4. Well you could tell them it's non-trivial in a moral sense, recognizing that we don't generally consider moral stances non-trivial. Of course societies (and so, their members) may differ as to the moral implication of human sacrifice. Presumably a society which condones it or actively makes use of the practice will claim it is important to propitiate the divinities, etc., and that we/they have an obligation, on a par with the moral, to do so, while societies which deplore the practice will see it as wrong because it's immoral (and have their own reasons for saying so). Ascertaining the role of "moral" in the different cases may well show that each side has a different feature or basis for its claim in mind. But it's not quite right, I don't think, to say we could not say why this sort of thing, whatever position we take on it, isn't trivial. Perhaps it's only because human life is never a trivial question for human beings though. It's not like saying 'well everybody dies' because, in the case of human sacrifice, everyone doesn't, at that point, anyway. And even the claim that "everyone dies" is only trivial in one sense. In another it's among the most significant we can conceive of.

    5. even the claim that "everyone dies" is only trivial in one sense. In another it's among the most significant we can conceive of.

      Yes, I agree. And I agree that human life is never trivial for human beings. But if you have to explain that to someone then there isn't going to be much common ground on which to build explanations of other things we do and care about. Or so I would think.

    6. But it seems to be trivial for some human beings, at least when it's not theirs, and that's where the problem is, isn't it? We want to find a way to say to those folks (and, alas, sometimes even to ourselves) why concern for another's life (or interests) isn't or shouldn't be trivial to them? That's the moral issue at bottom, I think. The rest is about conventions and utility playing by various sets of rules.

    7. Yes, but I'm not sure that saying something, in the sense of giving information, is the way to do it, nor even the way we think we want to try to do it. It's more a matter of waking people up, or something like that. This may well involve words, of course, and even facts, but it isn't simply a matter of communicating facts. That's if it's possible at all, of course.

    8. I think you're right that there are some people who cannot, in practice, be reached. Perhaps even in principle. But most don't fall into that category though perhaps some who can be reached require a lot more work than others. I also agree that it's more like waking someone up than making a logically compelling argument (with deductive certainty). But language is sufficiently open ended and complex for that. The logical paradigm isn't, I think, even definitive for argument per se when conceived as one means of communication. We can argue successfully for things by using words and claims to bring people around to see things in a different way. And I think that's what moral argument turns out to be. We want to give someone (or ourselves at times) reasons to adopt a different perspective, to look at a situation in a different way. So I don't think we want to say that you just can't make a moral argument about something like human sacrifice. Even if a given society has justification for it that makes sense in their "world" I think one could (albeit with a lot of work) bring members of such a society around to deploring it. One just has to have the right grounds in mind with which to reach them and then state those grounds in a way that does. I tried to make that case here http://ludwig.squarespace.com/volume-15/logic-and-moral-discourse-revised.html just recently. Whether I've succeeded yet is of course still an open question. But I do think that there's room for moral argument, that it's not just about where we happen to stand at any given moment in any given social context, period.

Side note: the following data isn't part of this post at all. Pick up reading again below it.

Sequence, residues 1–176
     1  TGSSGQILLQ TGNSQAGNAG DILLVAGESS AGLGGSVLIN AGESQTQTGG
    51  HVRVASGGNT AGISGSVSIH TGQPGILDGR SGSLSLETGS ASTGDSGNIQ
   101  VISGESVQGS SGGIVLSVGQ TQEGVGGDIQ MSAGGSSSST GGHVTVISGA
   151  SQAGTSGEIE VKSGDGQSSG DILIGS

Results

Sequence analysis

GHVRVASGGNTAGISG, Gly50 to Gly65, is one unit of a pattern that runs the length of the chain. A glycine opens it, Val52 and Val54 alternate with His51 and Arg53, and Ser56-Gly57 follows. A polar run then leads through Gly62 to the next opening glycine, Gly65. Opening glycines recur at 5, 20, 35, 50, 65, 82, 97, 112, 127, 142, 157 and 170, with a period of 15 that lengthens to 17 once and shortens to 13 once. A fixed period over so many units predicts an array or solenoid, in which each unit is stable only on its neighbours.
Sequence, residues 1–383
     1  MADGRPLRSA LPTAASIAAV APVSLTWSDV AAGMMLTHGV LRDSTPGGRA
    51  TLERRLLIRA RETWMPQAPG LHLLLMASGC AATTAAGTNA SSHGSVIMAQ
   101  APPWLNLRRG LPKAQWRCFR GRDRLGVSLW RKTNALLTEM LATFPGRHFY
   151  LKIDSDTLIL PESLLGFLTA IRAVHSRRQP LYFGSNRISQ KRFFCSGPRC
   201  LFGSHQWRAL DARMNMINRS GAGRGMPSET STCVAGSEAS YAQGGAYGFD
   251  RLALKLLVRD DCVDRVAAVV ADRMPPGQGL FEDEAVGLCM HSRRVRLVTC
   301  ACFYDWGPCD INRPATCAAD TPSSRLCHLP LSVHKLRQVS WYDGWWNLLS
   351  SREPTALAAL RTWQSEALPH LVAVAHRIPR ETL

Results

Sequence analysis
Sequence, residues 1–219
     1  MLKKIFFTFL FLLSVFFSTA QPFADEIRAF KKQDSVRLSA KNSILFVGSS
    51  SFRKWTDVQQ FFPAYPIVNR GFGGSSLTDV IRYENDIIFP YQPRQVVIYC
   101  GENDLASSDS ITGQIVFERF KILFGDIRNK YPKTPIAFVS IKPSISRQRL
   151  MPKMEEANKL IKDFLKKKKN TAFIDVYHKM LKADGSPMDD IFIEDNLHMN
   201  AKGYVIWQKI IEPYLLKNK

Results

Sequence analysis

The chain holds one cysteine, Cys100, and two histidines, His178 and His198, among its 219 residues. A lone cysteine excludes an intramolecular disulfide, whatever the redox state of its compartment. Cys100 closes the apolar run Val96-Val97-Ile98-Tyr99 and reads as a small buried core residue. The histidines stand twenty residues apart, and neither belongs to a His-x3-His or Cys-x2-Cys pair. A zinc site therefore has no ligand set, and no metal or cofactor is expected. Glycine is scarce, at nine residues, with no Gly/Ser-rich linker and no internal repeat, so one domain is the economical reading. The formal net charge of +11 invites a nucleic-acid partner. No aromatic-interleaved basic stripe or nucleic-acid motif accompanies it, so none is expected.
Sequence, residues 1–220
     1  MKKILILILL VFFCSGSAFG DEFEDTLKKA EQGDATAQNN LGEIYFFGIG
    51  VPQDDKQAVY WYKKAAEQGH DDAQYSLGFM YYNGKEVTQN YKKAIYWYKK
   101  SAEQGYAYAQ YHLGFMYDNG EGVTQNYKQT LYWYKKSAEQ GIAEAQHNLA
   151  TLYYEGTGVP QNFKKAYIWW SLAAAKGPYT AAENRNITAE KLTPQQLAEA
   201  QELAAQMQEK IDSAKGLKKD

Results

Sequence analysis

9. Oh yes, there is room for moral argument. It just isn't like all other kinds of argument. And it isn't guaranteed to work (perhaps no kind of argument is). Arguing with people who don't already see killing people as a big deal seems especially likely to be unproductive, but I don't mean that it's bound to fail.

  2. I would say moral arguments are not like arguments about observable facts which, admittedly, are a large part of what we talk about and, as Brandom argues (I have been reading Robert Brandom of late, for good or ill), and such arguments about facts represent a kind of core component of language. (He argues, contra Wittgenstein, that language does have a "downtown" and that it is the assertoric statements, the statements about facts that we can make and which support our conceptual life.)

    Of course factual claims are inevitably mixed in with value claims in real cases but Brandom makes the point that even factual claims are "normative" at bottom (that is, they take their meaning from the inferential relations that surround them). As such, even factual claims can be taken down to some sort of practical activity and here, he seems to suggest, both factual (or assertoric) claims and value claims come to rest on the same ground, the things a speaker does and is prepared to do. So perhaps it's a mistake to suppose that arguments about values are of a fundamentally different order than arguments about facts. And here the issue seems to be what is arguing, itself, about?

    Brandom suggests it's about the commitments we are prepared to make to one another and to acknowledge and so, finally, about what we are prepared to do. Concepts, he argues, stand on practical relations. If so, there would be small reason to suppose that arguments which rest on factual agreement or on deductive logic are any more basic (as a paradigm of knowledge) than arguments used for prompting, as in getting another to see things in a different way.

    If there is a clear path to doing that in the moral case, then moral discourse and debate following that path is no less reliable or basic in our lives than arguments about facts. And then why should we think (and some of us do sometimes think this way) that if a moral claim cannot be supported by factual evidence or syllogistic logic, there is no intelligible basis for making it at all, i.e., that it's just a matter of the sentiments any of us happen to hold at any given time?

    I guess I want to say that there is a way to make moral arguments soundly and convincingly and that it is not obstructed by the fact-value dichotomy nor are moral arguments merely relegatable to some specially carved out niche for them, isolated from the kind of stuff we are sometimes urged to think of as real knowledge.